How Many Americans Live Paycheck to Paycheck, and What Can They Do to Get By?


Photo by Sharon McCutcheon on Unsplash

Do you find yourself without any money to spare once your bills are paid each month? If so, you’re one of the millions of U.S. residents in the same boat. Living paycheck to paycheck is frustrating and stressful — and overwhelmingly common. Between the rising costs of living and wage growth that fails to keep up, a high number of people don’t have enough savings to spend on recreation or to support them through tough times. 

How Many Americans Live Paycheck to Paycheck? 

Exactly how many Americans are living paycheck to paycheck, you ask? Different studies report different statistics, and most of them say it’s over 50% of the U.S. population. 

According to Magnify Money, 53% of respondents live paycheck to paycheck, and 62% don’t have at least three months of savings to hold them over. 

CNBC reports that 63% of 2,000 survey participants are living paycheck to paycheck since the beginning of the COVID-19 pandemic. This is unsurprising, especially because millions of people lost their sources of income while bills didn’t cease. 

However, CareerBuilder notes that a staggering 78% of American workers were living paycheck to paycheck in 2017. It’s not just people close to or below the poverty line, either — almost one in 10 workers who earn at least $100,000 annually are also in a tight spot. 

The number of participants, recent government shutdowns, COVID-19, and other factors influence each study. Still, a pattern is consistent: if you want to know how many people live paycheck to paycheck in the U.S., the answer is that a significant portion of the population is one disaster away from poverty, unmanageable debt, and even homelessness. 

Why Is This the Case? 

How did the situation get so dire? One of the most substantial reasons is rising living costs. Housing, food, utilities, transportation, gas, healthcare, education, and many other essentials are dramatically more expensive than they used to be. 

For example, a new house in January 2000 cost $194,800 on average, equivalent to $297,705 today when adjusted for inflation. However, the average price of a new home in January 2020 was a whopping $402,400 — greater than 35% higher, even after considering inflation. 

To make matters worse, wages aren’t maintaining an equal pace. The country’s predicament wouldn’t be as dangerous if people earned a proportionate amount of money, but PayScale reports that “real wages” (wages adjusted for inflation) have fallen 8.5% since 2006. With Americans earning less but having no choice but to spend more, they have nothing left over for savings or emergencies and feel forced to take on more debt.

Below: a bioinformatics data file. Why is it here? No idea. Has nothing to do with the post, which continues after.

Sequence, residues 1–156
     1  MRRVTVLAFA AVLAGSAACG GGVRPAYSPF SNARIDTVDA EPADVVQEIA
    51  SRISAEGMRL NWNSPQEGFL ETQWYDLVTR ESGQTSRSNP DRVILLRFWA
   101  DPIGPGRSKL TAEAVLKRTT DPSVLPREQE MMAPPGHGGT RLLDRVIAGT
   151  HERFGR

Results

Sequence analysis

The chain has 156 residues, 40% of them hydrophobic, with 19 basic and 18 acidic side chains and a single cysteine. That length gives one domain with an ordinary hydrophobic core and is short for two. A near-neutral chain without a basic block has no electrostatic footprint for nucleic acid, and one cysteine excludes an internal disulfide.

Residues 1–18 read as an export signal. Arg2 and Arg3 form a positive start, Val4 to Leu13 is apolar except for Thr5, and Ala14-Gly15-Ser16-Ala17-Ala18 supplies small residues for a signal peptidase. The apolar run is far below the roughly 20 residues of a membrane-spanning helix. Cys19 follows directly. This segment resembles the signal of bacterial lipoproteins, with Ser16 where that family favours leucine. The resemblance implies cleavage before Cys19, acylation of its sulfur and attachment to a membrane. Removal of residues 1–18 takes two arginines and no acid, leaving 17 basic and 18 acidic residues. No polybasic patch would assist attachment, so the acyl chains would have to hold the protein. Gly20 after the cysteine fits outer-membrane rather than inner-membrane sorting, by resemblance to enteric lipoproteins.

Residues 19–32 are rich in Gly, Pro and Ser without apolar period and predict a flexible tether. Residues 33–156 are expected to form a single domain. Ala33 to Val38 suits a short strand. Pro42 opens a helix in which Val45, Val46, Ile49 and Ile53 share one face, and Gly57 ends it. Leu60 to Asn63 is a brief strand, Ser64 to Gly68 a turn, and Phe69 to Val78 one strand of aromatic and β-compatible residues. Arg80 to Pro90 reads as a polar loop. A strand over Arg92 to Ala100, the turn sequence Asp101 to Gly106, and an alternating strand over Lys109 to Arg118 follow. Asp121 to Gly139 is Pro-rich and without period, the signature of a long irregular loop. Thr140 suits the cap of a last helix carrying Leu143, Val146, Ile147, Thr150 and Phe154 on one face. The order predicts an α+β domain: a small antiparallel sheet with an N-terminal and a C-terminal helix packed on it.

What Can People Do to Get By? 

To stop living paycheck to paycheck, the obvious but unhelpful answer is “make more money.” If you don’t have a higher-earning job lined up but want to improve your financial situation as soon as possible, here are a few pieces of advice for managing and avoiding extra debt: 

Consolidate Your Debt 

If interest rates are a drain on your wallet, then something you can do to save money is to consolidate your debt in the form of a personal loan. With all of the various debts and expenses you are paying, such as medical bills, rent, credit card statements, student loans, and more, it’s challenging to manage them all when they have different rates and deadlines. Roll your debts into a single monthly payment so you can keep better track and pay it off consistently. 

Start a Side Hustle 

It’s understandable if you don’t have the time for a side hustle after working a 40+ hour week. If you have the time and energy, though, then starting a side-gig is a convenient way to make extra money. You could drive for a rideshare service, perform lawn care, babysit, start a dropshipping business, deliver food, or sign up for odd jobs in your neighborhood through TaskRabbit

Avoid Excess Fees 

Fees are likely another significant weight on your finances. They accumulate more than you realize, and without them, you’d have more money to put into savings. Learn what fees you are paying and take measures to avoid them. For example, sign up for low balance alerts, so know not to spend anymore before paying an overdraft fee. Only use your bank’s branded ATMs to avoid withdrawal charges. Be patient when depositing money with PayPal and wait three days so you don’t pay a transfer fee. If late fees are a frequent issue because your bills’ deadlines don’t align with your paycheck’s schedule, then you can use Earnin to pay them on time, and you only tip what you think is fair. 

Save What You Can 

If you’re already living below your means, then you might be tempted to spend your leftover cash on unnecessary things. Instead, put whatever you can afford into savings you have an emergency fund that will prevent you from returning to living paycheck to paycheck if a disaster sets back your progress. 

When you inquire how many Americans live paycheck to paycheck, the answer is rarely optimistic. It would take a tremendous reform of our financial system to reduce the number to zero, but in the meanwhile, you can take steps to build savings (aim for at least six months’ worth) and minimize your debt. 

This article originally appeared on Earnin

Please note, the material collected in this blog is for informational purposes only and is not intended to be relied upon as or construed as advice regarding any specific circumstances. Nor is it an endorsement of any organization or Services.

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